While Battle Garegga doesn't quite hit the bullet hell levels seen in Cave's shooters, it certainly gets close – especially when your rank is running high – and the challenge is amplified by the fact that unlike most other shooters, many enemy projectiles are realistically-coloured so that they actually look like bullets and rockets. This adds to the game's unique visual style, but it can make it frustratingly hard to discern incoming threats. The developers acknowledged this issue with the revised arcade release, and in Rev.2016 there are options which allow the player to change the appearance of projectiles in the game. In fact, the sheer volume of options available is jaw-dropping; you can alter the speed at which pick-up items fall down the screen, change the size of your ship's hit box and even tinker with the speed of enemy bullets. And yes, there's an option to fix the ranking system on a stage-by-stage basis, removing the headache of having to artificially manage your rank by killing yourself at certain points – thus solving one of the big issues raised by the game's small number of critics.
Battle Garegga purists may well turn their noses up at this option, but the fact is that M2 has given players almost complete control over how the game plays, busting it wide open so that it can appeal to a wider demographic of players. And that's not all – you can add authentic CRT-style scanlines for a true old-school feel, and it's possible to save replays, record score attacks, and even save your game in the middle of a run, all features which enrich the experience considerably. The narrow play window – an unavoidable result of the original arcade game being presented in a vertical monitor, like many other shooters of the period – might put people off, but if you have a big enough TV it's not an insurmountable problem, and the real estate on either side is put to good use by showing all kinds of pertinent information.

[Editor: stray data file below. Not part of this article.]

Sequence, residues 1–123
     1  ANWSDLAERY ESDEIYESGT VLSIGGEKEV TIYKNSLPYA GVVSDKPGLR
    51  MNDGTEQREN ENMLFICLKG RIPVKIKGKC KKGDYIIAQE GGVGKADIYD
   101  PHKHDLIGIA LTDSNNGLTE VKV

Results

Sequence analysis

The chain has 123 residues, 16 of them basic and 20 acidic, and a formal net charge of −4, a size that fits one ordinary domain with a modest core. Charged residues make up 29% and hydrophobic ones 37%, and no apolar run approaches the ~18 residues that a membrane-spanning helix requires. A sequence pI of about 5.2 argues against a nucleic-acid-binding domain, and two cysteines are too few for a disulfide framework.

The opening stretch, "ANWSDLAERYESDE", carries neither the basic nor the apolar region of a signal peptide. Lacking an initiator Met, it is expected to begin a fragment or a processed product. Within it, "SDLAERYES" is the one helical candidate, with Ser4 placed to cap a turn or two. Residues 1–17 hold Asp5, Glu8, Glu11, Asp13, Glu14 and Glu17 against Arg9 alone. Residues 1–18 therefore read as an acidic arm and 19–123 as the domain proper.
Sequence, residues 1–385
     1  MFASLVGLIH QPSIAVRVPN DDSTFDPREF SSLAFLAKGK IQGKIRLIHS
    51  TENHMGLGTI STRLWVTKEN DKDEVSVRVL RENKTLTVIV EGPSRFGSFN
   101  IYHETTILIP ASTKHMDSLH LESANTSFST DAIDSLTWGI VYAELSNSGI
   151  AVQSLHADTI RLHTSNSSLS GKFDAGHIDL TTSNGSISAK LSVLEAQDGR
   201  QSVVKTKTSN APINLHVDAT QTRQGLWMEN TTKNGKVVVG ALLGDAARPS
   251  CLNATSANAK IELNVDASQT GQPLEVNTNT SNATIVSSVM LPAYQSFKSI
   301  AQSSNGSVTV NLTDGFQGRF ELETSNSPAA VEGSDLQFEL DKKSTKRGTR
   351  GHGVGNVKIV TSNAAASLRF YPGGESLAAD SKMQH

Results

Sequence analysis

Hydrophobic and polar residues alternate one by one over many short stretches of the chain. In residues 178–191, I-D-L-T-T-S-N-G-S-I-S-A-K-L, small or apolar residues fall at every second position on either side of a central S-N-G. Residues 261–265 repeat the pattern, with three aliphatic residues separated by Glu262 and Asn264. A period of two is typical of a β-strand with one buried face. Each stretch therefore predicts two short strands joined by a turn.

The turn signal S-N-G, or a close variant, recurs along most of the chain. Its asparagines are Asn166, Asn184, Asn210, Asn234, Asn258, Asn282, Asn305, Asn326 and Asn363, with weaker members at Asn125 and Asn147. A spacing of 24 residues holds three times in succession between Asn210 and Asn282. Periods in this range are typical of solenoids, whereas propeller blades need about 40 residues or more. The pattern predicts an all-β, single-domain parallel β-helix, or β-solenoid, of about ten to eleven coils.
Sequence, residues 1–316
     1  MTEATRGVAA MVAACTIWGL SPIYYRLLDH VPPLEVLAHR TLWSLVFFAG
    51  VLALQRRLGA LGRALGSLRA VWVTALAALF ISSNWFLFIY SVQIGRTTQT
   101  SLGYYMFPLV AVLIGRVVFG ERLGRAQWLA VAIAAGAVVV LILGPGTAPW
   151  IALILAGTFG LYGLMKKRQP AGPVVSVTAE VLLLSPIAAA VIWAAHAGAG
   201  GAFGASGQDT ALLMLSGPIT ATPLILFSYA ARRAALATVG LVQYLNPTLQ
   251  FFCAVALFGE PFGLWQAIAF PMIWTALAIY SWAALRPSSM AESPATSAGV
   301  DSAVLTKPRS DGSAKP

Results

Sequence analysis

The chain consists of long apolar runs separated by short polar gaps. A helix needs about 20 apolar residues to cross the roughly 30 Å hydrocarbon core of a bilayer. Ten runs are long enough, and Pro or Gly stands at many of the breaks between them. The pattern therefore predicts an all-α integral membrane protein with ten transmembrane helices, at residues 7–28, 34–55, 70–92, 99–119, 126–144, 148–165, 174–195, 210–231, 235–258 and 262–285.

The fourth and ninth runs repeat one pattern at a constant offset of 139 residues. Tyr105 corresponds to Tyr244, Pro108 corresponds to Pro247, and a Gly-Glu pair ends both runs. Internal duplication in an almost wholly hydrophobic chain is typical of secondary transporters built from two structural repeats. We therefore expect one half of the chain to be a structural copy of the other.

Naturally, it would be foolish to suggest that simply because Battle Garegga Rev.2016 presents the definitive version of one of the genre's best offerings that means it can be recommended to absolutely every PS4 owner on the face of the planet; this style of game isn't as popular as it once was and if you have no desire to play a 2D shooter in 2017 then it's perhaps doubtful that even this exemplary package will do anything to sway your opinion. However, fans of 2D shooters should certainly consider this a high priority. A Western release is apparently in the pipeline, but the process of creating a Japanese PSN account is relatively simple and while many of the options are in Japanese, translations exist to ease the confusion.
M2 are the undisputed masters of updating past classics, but the studio has perhaps outdone itself with this amazing package. Not only does Battle Garegga Rev.2016 present every previously available version of one of the 2D shooting genre's best efforts – as well as an all-new edition to mark the 20th anniversary – it throws in so many options and additional features that it's genuinely hard to think of what else a fan of the game could possibly demand. It may be an acquired taste these days – to be fair, the same could be said of the original back in 1996 – but Battle Garegga remains a defining release in the shmup canon, and this is without a shadow of a doubt the best way to experience it. You don't have to feel bad about cashing in your valuable SEGA Saturn version anymore.